Editorial: It is time for our nondiscrimination policy to change

By The Beacon | February 27, 2013 9:00pm

(The Beacon)


Last Sunday a group of UP students posted an online petition to the University of Portland Board of Regents to include sexual orientation and gender identity in UP's Nondiscrimination Policy.

By Wednesday evening, the petition had more than 1,000 signatures, including not only those of students, but also of faculty and former employees of the University.

This overwhelming support makes it glaringly obvious how important it is to the University community that this policy changes.

It makes it glaringly obvious that the Statement on Inclusion is not enough to make all members of this community feel safe.

It is time for UP's administration to change this outdated, exclusionary policy.

The president mentioned during the Fireside Chat that the school cannot condone something that the Catholic Church does not condone.

And yet, many Catholic colleges include sexual orientation in their nondiscrimination policies, including Loyola Marymount University, Gonzaga University, Boston College and even Stonehill College, a Holy Cross institution. Seattle University includes both sexual orientation and gender identity.

The president also mentioned that part of the reason for excluding sexual orientation in the policy is the fear that this would in turn legally condone sexual practices.

However, the University has a sexual intimacy policy which forbids premarital sex for any student. Adding sexual orientation to the nondiscrimination policy would not invalidate the sexual intimacy policy. LGBTQ couples would still be held to the same standards of sexual conduct as heterosexual couples.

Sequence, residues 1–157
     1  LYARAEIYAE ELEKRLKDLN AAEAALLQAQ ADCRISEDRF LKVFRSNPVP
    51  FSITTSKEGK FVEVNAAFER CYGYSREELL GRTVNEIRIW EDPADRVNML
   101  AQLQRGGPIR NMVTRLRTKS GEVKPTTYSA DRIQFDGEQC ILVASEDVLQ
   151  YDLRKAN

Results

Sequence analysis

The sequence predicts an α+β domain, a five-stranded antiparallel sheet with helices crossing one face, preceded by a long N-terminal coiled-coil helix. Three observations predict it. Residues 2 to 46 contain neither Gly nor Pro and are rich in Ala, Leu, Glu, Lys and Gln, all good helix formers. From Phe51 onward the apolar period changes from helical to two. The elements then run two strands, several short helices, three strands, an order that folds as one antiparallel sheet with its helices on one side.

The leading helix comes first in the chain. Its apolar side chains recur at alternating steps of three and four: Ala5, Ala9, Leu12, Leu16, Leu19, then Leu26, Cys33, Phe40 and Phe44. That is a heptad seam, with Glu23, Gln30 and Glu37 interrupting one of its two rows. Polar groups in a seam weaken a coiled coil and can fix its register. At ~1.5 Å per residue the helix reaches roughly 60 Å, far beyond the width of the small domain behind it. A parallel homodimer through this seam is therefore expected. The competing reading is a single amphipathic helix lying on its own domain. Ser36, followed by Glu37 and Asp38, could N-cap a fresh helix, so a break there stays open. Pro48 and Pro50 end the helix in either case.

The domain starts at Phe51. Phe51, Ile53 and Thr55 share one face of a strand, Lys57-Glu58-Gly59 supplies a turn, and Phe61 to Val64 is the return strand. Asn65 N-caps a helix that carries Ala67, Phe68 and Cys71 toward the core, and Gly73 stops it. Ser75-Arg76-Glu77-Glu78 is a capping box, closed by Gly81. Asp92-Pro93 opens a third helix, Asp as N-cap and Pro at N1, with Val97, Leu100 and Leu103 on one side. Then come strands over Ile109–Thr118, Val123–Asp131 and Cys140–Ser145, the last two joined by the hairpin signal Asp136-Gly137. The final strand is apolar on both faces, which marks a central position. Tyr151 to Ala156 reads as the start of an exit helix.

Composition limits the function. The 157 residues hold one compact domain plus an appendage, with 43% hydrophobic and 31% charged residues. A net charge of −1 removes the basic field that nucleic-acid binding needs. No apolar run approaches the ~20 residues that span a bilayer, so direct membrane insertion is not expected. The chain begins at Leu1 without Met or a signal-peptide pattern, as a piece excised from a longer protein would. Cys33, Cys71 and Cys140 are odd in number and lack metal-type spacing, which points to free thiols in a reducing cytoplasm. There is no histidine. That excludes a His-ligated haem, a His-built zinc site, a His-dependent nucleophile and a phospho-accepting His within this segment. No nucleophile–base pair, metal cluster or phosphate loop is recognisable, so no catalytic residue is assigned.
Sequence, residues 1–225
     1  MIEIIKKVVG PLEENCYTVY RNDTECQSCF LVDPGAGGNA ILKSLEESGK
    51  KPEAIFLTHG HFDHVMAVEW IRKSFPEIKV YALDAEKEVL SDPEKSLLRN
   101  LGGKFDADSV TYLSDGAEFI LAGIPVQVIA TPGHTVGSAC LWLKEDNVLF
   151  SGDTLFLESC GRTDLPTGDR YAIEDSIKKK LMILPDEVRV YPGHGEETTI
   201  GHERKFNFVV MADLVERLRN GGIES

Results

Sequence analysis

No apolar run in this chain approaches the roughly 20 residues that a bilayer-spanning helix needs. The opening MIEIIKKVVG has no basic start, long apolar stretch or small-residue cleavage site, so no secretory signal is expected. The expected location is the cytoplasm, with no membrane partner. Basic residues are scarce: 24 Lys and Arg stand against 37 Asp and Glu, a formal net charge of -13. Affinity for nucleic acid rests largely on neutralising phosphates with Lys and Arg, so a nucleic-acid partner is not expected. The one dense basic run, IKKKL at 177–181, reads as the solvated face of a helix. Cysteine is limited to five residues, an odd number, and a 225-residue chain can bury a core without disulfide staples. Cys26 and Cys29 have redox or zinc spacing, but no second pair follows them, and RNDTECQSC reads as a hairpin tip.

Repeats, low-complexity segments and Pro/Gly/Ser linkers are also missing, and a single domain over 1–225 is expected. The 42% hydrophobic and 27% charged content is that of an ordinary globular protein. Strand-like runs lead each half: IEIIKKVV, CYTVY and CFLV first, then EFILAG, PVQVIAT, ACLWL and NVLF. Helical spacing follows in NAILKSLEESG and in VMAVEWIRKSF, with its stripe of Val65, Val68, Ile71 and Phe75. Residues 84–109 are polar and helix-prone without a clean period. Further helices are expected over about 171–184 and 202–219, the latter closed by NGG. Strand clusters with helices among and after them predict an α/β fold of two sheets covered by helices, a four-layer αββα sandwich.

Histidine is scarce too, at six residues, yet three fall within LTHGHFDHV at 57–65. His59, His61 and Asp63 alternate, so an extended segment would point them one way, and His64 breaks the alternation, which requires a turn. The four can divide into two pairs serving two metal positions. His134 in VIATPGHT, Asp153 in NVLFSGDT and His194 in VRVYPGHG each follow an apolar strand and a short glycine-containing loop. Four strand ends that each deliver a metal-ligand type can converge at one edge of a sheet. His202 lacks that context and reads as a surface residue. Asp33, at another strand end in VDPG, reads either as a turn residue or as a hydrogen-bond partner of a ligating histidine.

Many of those indifferent to or against changing the policy argue that if students don't like the policy the way it is, they shouldn't have come here.

But just because the members of this community have the choice to attend or work here does not mean it is just for an institution to exist to exclude certain members because of their very identity or who they love.

In a perfect world, in a world that believes in the "inherent dignity of each person," as stated in UP's Statement on Inclusion, there would be no places where certain people were unsafe, unwelcomed and treated unfairly.

This perfect world is nowhere close to being a reality. But in the meantime, our own community should be one of these places.

No professor should have to feel uncomfortable bringing their partner to a faculty dinner.

No student should have to fear being ridiculed in class because of sexual orientation or gender identity.

No couple should have to fight to ignore stares when they walk down the hall holding hands.

No one should have to fear compromising their position at the University because they dared to be "public" about their identity or sexual orientation.

It is time for UP's policies to reflect its belief in the "inherent dignity of each person."

It is time to take the first step toward creating a safe, welcoming environment for everyone in our community by guaranteeing each person legal protection against discrimination.

It is time to include sexual orientation and gender identity in UP's Nondiscrimination Policy.


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